Bugle Miami

Lowry calls first season in Miami after leaving Raptors “waste of a year”

It’s safe to say the first season for Kyle Lowry with the Miami Heat didn’t go exactly according to plan.

Lowry joined Miami last summer in a high-profile sign and trade, leaving the Toronto Raptors after nine seasons.

And while his Heat fell 100-96 in a Game 7 in the Eastern Conference Finals to the Boston Celtics, year one in Miami wasn’t exactly the easiest for Lowry on and off the court.

In the playoffs, the 36-year-old point guard was dealing with a nagging hamstring injury that contributed to him missing eight games as well as four of 10 games he did play where he scored less than 10 points.

In the regular season, Lowry took a personal leave from mid-January to February for undisclosed reasons, playing 63 of a possible 82 games on the season as a whole.

“You don’t know how many more opportunities you will have to get back to this,” Lowry told reporters following the Game 7 loss. “And so for me personally, honestly, it was a waste of a year. I only play to win championships. So it was fun, and I appreciate the guys, my teammates and I appreciate the opportunity but for me, it was like a waste of a year. You’re not playing for a championship. You’re not winning a championship, it was a waste of a year.”

Lowry wouldn’t make excuses for the injury but did speak about not performing at his best.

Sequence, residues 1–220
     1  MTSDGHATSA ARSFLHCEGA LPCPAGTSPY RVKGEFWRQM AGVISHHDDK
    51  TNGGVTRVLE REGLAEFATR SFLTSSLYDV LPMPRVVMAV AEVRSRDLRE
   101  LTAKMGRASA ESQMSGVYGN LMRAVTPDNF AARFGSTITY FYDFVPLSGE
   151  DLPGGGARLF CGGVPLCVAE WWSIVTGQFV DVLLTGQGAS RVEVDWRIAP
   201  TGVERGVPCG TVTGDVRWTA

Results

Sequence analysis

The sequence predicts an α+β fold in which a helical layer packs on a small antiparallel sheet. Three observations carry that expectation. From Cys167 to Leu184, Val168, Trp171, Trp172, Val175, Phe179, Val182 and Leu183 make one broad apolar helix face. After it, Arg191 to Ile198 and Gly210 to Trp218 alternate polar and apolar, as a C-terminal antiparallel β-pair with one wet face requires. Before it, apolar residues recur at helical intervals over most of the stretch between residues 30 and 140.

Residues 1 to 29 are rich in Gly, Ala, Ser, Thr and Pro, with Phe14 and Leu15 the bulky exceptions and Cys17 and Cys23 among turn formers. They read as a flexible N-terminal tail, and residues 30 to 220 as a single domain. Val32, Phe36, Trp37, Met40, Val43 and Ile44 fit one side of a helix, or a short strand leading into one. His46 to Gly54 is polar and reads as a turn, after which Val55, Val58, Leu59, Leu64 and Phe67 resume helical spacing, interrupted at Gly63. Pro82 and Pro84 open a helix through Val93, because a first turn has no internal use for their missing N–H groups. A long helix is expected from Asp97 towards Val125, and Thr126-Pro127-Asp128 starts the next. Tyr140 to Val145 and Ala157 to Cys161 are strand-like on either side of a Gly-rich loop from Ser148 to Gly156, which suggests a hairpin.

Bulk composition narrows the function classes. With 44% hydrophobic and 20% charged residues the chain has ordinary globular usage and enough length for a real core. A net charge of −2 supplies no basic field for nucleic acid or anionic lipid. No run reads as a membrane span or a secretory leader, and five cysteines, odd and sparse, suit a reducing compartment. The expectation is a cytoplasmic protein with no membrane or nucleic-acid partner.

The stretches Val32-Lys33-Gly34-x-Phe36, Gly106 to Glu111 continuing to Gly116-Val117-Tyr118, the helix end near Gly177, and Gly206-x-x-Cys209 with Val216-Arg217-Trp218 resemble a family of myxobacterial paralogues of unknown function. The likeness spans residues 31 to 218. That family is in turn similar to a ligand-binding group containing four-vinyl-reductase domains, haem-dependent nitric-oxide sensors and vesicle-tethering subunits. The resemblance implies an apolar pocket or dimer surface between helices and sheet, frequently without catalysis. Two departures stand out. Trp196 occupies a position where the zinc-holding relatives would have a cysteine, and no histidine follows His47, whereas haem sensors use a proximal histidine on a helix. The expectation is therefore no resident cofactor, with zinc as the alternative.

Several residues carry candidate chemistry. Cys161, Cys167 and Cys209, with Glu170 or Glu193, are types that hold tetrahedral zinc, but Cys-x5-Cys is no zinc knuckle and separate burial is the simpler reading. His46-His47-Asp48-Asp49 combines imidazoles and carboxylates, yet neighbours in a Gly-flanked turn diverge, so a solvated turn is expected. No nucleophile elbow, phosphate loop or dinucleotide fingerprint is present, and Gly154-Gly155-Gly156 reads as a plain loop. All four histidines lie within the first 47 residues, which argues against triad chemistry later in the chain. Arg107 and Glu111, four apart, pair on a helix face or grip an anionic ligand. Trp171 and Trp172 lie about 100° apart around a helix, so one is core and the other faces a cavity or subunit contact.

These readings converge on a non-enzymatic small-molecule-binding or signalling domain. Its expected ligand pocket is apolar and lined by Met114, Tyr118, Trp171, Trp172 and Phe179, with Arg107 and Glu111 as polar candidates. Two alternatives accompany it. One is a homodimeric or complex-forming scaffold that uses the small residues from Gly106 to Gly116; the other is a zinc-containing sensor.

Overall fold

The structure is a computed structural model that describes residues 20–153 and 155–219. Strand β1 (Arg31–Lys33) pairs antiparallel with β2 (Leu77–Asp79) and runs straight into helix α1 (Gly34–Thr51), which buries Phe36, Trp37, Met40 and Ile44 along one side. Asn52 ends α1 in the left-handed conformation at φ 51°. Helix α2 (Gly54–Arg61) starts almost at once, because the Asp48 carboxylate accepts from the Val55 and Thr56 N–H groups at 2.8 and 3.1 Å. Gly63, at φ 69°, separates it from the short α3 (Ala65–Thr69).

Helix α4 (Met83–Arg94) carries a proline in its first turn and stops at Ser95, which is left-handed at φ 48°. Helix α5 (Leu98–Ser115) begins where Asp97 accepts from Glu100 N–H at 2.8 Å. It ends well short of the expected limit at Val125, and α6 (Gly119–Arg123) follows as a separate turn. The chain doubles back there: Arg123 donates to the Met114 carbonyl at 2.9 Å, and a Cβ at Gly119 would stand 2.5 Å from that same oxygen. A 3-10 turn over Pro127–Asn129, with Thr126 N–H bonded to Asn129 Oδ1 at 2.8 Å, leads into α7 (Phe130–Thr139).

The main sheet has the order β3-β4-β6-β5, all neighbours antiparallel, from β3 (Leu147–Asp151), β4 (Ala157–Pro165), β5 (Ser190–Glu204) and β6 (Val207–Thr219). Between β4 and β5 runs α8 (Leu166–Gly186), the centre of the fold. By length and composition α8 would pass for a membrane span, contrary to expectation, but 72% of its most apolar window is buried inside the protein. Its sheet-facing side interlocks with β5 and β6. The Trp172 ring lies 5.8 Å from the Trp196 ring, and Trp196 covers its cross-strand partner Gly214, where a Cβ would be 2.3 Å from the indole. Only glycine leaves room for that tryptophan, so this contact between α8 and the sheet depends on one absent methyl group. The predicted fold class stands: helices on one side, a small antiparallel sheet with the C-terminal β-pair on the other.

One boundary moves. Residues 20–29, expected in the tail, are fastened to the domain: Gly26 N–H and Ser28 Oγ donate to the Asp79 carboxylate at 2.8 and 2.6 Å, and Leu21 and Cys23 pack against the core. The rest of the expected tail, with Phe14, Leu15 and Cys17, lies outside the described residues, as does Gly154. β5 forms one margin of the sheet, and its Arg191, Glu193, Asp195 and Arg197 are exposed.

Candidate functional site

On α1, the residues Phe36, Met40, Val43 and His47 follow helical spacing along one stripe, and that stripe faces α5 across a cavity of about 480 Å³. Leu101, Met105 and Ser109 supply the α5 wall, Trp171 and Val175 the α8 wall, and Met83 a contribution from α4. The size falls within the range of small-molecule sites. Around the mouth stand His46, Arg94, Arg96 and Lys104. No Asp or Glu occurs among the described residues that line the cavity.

“It’s been a wild season for me individually,” Lowry said. “My personal life has been a bit different for me this year, but I’m given an opportunity to play basketball, and anytime I get a chance to play I’m really happy to do it. I will never make an excuse about injury. I was out there… I wish I would have been able to play a little bit better and at a higher level, but I didn’t, and that just adds fuel [as motivation for next season].”

As for next season, Lowry is in the second year of a three-year deal with the Heat, with $57 million guaranteed over the next two seasons. Finishing this season with 53 wins and the top seed in the Eastern Conference, the Heat are expected to be among the NBA’s top teams once again.

“I think it helps,” Lowry replied when asked about his familiarity with the Heat’s system and his teammates. “I think everything helps. We have some continuity with the team and understand who you’re going to be there with and tendencies understanding the offense, terminologies, defensive schemes, offensive schemes, emotions, personalities, it definitely helps. We look forward to the opportunity of getting better over the summer and getting back to this opportunity.”

The Celtics and the Golden State Warriors begin the NBA Finals on Thursday night, with Game 1 set for 6 pm PT/9 pm ET.